• Ask a lot of questions to see if the system is compatible with your ideas and plans. Don’t limit yourself to just basic security measures – know how they protect their server, as this directly affects the security of your customers/patients.
  • Pick an ERP system that focuses on security.
  • Always aim for companies that provide flexibility and that are willing to accommodate to your needs.
  • Have regular security brush-ups with your software providers, ask for regular reports and always seek to improve the level of security.

Knowing that every transaction process is airtight and immune to cyber-attacks is reassuring, but this is one part of tailoring cybersecurity for your marijuana business. Due to the growth of automation, growth operations are at risk too.

Protect more than your website

Many marijuana businesses started as retailers, but have managed to expand and obtain a license to grow. This is a big step for any cannabis entrepreneur – a step that requires you to improve cybersecurity.

Running a marijuana business of a certain size often requires you to run several co-existing operations. If you also own a growth facility, the risk if even bigger. Leaving your POS system vulnerable can lead to much more calamity than your website being taken down – it can kill your plants.

Hackers are highly skilled and able to access one system of yours through another. After gaining access to one part of your network, attackers may gain control of your heating, cooling and irrigation systems. With just one altering of the temperature or the water pressure, your entire growth operation may perish.

Don’t fool yourself thinking that hackers are only after information. These individuals are highly skilled and be sure that they’ve done their homework about how marijuana businesses function. By strengthening your cyber security and investing in the right systems, you are protecting everything your brand stands for and depends on.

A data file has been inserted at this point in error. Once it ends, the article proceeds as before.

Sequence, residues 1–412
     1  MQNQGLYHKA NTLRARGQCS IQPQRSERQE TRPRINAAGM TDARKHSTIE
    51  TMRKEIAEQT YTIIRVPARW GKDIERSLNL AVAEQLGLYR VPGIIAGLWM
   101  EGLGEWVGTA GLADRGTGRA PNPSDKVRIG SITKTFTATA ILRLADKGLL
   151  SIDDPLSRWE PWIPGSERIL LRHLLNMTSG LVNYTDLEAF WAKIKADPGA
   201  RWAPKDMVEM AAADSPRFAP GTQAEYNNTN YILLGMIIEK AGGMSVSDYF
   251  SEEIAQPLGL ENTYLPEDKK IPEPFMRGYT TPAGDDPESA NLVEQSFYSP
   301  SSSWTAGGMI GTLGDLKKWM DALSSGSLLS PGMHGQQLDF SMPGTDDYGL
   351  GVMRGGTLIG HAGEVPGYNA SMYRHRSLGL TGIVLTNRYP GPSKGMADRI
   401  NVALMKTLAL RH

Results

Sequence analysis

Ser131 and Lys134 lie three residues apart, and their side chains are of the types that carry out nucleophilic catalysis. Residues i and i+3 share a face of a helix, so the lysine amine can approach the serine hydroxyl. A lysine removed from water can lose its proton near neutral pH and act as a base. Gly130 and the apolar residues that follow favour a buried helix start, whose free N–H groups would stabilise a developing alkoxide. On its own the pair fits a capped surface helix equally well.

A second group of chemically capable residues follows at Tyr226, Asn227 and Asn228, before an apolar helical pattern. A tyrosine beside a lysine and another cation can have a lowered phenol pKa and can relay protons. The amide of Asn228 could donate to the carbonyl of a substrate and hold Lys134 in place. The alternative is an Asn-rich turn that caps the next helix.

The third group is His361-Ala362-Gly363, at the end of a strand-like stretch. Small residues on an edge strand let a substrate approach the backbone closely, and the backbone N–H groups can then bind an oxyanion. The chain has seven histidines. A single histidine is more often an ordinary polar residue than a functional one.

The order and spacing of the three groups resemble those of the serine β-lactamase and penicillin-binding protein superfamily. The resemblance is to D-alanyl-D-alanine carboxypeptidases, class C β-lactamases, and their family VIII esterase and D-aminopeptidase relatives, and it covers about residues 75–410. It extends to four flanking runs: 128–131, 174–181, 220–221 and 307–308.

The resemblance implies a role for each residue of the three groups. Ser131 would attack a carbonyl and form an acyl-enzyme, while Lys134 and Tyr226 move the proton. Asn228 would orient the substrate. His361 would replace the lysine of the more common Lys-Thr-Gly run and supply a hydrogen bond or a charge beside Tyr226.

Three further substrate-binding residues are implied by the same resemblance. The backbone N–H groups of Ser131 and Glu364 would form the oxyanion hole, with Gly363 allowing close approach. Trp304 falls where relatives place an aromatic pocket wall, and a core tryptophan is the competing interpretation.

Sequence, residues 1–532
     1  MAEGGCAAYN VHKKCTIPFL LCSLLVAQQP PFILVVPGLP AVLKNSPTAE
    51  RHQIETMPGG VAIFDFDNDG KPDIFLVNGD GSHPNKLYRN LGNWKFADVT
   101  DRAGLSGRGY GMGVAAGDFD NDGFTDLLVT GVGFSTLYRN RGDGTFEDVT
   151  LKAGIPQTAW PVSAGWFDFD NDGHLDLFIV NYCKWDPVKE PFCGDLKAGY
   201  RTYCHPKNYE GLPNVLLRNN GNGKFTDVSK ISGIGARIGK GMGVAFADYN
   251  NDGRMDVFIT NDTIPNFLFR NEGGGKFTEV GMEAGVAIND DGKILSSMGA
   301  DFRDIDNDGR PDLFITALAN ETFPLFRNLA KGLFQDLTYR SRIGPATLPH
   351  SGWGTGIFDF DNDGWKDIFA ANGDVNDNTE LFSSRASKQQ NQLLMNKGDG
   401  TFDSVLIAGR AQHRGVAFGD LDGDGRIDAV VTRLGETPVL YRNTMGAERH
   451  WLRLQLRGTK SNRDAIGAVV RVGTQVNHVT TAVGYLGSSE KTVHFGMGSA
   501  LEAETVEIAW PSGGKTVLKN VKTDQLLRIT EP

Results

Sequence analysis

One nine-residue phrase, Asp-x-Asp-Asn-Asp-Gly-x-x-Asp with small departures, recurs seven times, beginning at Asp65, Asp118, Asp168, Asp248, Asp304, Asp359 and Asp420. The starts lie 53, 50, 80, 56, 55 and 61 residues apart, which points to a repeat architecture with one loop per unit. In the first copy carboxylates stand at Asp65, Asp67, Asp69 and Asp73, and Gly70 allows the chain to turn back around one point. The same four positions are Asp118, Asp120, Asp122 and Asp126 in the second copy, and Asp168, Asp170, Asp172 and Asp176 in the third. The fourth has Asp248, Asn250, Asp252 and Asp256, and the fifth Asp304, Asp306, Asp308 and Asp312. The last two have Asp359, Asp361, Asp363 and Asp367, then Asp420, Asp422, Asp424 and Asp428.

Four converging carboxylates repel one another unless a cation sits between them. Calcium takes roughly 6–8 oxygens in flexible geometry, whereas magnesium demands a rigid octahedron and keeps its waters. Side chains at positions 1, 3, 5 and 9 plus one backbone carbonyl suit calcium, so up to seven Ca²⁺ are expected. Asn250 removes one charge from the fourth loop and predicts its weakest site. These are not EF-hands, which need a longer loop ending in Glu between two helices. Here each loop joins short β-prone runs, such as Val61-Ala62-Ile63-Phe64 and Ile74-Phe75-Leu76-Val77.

When combining multiple systems, make sure the integrated platforms work well in sync and that they have all taken the necessary efforts. A quality cyber security system consists of individual sections that work well in unison. A good ERP-POS combination is the staple of cannabis cybersecurity.

Limit access to employees

Information is power. Letting your budtenders and employees use it to enhance their performance and grow your business is a dream come true. But hold that thought for a second.

While data provision may be empowering, handing it over to employees is a security risk. Thus, you should only allow employees access to the information that’s needed for their particular duties.

There is no need for a budtender to know every password or everything related to the POS system. Putting barriers to information access makes it easier to define specific roles, but also to protect your data.

The less information an employee is trusted with, the lesser the risk for a security breach. You can never be too careful with sensitive data integral to your business. It’s better to prevent breaches than to subsequently deal with the damage they inflict.